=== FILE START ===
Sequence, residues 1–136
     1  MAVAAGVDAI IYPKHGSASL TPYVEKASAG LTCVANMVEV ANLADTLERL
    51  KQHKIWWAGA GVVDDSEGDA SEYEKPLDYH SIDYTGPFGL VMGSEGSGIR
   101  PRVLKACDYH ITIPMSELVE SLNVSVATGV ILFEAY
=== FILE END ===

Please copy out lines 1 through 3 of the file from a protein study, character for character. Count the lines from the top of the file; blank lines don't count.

Sequence, residues 1–136
     1  MAVAAGVDAI IYPKHGSASL TPYVEKASAG LTCVANMVEV ANLADTLERL
    51  KQHKIWWAGA GVVDDSEGDA SEYEKPLDYH SIDYTGPFGL VMGSEGSGIR